I have finally found a shop in Budapest – it just opened – that promises to be a long-term source of natto. Until now I couldn’t buy natto anywhere and it must have been about 3 long years since I’d been able to indulge in this treat of fermented soybeans.
I suppose I’d best start by introducing it, because I don’t think many people in Hungary are acquainted with this rather foul-smelling dish that doesn’t look really appetizing either (given the stringy, slimy and sticky consistency many people find it rather disgusting. Since I think it is delicious, I beg to differ from that view! 😉 )
It comes in little plastic boxes covered with plastic foil (because it will stick to anything it comes into contact with). The box includes a tiny envelope of mustard and one of soy sauce, just enough for one serving. Before eating it you first need to thoroughly mix up the soybeans with chopsticks to activate the stickiness. It then begins to foam and the slimy cream takes shape. When it’s ready, you’ll find that as you lift the chopsticks the soy mixture will stick to them and leave behind a stringy residue (see Photo 2). After it has been properly mixed, you add the soy sauce and mustard and mix it some more. The sharpness of the mustard and saltiness of the soy sauce combine to yield a perfect taste.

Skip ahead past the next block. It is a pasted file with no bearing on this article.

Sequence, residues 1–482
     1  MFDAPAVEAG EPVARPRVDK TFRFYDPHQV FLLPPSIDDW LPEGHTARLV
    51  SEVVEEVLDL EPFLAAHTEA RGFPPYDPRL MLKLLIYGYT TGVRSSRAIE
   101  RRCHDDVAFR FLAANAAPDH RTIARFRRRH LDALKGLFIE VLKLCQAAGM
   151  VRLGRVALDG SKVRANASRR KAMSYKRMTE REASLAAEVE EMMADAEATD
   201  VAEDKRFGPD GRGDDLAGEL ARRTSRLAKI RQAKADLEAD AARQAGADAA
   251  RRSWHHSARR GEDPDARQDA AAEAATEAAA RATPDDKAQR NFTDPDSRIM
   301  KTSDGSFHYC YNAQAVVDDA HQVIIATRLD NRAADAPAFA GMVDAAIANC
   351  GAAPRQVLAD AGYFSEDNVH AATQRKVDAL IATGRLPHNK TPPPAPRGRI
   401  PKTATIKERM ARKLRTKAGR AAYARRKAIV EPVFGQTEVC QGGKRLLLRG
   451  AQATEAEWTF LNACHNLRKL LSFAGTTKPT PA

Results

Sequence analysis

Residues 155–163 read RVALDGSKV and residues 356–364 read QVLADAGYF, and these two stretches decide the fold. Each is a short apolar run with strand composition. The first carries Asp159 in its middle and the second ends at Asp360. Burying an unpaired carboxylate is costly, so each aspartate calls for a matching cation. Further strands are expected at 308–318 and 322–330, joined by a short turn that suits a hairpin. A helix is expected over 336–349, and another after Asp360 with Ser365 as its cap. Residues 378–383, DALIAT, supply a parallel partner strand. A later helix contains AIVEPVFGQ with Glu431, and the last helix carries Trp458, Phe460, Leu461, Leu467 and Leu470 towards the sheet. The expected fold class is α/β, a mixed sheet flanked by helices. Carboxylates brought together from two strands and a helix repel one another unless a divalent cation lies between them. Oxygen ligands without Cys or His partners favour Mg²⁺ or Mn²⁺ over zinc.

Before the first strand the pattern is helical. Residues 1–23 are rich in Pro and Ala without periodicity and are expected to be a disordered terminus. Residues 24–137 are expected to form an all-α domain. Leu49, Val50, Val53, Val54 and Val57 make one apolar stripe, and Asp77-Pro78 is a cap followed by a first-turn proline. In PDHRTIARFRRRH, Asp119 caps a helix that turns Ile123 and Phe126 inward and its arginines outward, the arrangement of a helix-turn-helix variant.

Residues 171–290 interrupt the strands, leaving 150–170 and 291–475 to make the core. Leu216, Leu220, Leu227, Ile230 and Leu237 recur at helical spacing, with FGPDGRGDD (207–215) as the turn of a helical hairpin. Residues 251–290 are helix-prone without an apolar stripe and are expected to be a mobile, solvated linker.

One standard way of serving it is on top of rice, but I admit to often eating it just as it is, without adding anything (Of course, when I do that, I have to eat more than one package if I want a decent meal).
The traditional way of making it involved packing the soybeans into rice straw and leaving it in underground pits to ferment. This was actually an old way of preserving food. Today it is sold ready-made, in small plastic boxes (one box contains one portion and one package contains three boxes and costs about 100 yen).
The natto in this picture has been thoroughly mixed and is now stringy, sticky, and slimy. The box we see is the one in which it is sold.
If you are adventuresome enough, you can make your own natto. You simply take some soybeans, soak them in water, and then cook them until they are soft. When they are soft enough, you add the fermentation fungus (a culture containing bacillus subtilis), mix well, divide into single portions and leave in a warm place to ferment (I found that my yogurt-maker does the job quite well).
The photos come from the following websites: